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Violence in the Lives of Children

NCJ Number
Cross Currents Issue: 1 Dated: August 2003 Pages: 1-13
Brett V. Brown Ph.D.; Sharon Bzostek
Date Published
August 2003
13 pages
This document presents information on many types of violence that affect children’s lives, grouped by the frequency with which they occur.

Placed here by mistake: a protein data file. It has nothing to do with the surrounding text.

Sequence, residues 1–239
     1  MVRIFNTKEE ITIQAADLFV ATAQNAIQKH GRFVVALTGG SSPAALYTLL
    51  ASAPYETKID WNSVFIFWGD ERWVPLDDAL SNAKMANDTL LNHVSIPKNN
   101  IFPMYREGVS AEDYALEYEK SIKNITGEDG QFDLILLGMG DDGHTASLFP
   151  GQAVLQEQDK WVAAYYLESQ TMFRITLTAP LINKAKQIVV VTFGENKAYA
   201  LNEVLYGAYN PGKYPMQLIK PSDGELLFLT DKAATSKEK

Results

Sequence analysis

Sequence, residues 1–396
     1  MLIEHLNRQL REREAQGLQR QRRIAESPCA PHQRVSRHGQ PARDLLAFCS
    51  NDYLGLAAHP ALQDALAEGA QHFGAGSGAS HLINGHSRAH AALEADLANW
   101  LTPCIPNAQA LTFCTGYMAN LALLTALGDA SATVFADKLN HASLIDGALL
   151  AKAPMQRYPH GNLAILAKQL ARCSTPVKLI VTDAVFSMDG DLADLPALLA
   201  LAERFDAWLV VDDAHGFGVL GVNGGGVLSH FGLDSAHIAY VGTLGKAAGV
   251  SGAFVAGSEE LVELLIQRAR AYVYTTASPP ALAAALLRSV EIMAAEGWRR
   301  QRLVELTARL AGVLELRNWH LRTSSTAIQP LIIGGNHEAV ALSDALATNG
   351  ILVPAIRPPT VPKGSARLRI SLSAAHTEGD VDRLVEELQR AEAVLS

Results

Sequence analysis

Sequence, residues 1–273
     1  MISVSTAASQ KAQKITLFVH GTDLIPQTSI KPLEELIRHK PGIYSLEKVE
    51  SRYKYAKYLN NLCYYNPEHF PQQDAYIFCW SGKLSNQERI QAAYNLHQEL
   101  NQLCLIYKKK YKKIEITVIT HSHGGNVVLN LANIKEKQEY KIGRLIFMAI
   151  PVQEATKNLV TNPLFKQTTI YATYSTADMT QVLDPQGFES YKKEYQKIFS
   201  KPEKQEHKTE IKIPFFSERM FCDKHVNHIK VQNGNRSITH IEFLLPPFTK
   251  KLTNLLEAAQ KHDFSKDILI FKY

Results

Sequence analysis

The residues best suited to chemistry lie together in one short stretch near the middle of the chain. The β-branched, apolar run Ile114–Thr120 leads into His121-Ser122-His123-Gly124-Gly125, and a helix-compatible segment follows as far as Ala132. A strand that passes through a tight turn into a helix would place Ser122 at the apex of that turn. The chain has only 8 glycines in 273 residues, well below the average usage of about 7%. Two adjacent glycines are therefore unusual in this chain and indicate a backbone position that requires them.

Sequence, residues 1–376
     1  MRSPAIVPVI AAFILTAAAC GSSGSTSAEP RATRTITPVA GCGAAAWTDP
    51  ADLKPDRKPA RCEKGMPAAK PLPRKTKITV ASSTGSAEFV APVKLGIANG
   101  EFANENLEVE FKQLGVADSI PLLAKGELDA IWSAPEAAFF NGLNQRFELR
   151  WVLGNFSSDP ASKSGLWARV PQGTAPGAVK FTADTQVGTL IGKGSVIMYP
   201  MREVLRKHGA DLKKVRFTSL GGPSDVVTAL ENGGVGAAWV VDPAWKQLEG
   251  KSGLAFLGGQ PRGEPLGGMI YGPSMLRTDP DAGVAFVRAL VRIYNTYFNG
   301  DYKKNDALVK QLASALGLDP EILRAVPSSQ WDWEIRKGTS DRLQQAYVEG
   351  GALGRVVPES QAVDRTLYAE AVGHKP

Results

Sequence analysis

Most children are exposed to media violence at some level on a daily basis through television, video games, or music. In 2001, one-third of all high school students reported being in a physical fight within the last year. Spanking is a broadly accepted and commonly used tool of discipline, particularly for young children. Data show that a substantial minority of youth carry a weapon, such as a gun, knife, or club. While it is rare for children and youth to actually kill themselves, it is not at all rare for them to think about doing so. Statistically, death is an uncommon outcome of violence for children and youth. Little reliable data exist on the percentage of children that live in households in which domestic violence occurs. In 2001, 903,000 cases of child abuse and neglect were reported to and substantiated by child welfare authorities. The rate of physical abuse is much lower. However, these estimates probably underestimate the number of children physically abused because many incidents are never reported to authorities. There were 86,830 substantiated cases of sexual abuse in 2001. In 2001, 5.5 percent of youth between the ages of 12 and 15 and 5.6 percent of youth between the ages of 16 and 19 reported being victims of violent crime during the year. For very young children, the primary locus of violence is the home. Rates of reported physical abuse for middle childhood are about the same as younger children. Homicide and suicide rates increase rapidly throughout the teen years. Violence associated with dating is also fairly common during the teen years. Females are much more likely at every age to be victims of sexual abuse and rape. For most other types of violence, males are at much higher risk than females. The risk of violence is often substantially different for children and youth from different racial and ethnic backgrounds. More data are needed on domestic violence, physical abuse, fighting and bullying, and the consequences of violence throughout childhood. 4 figures, 2 tables, 85 endnotes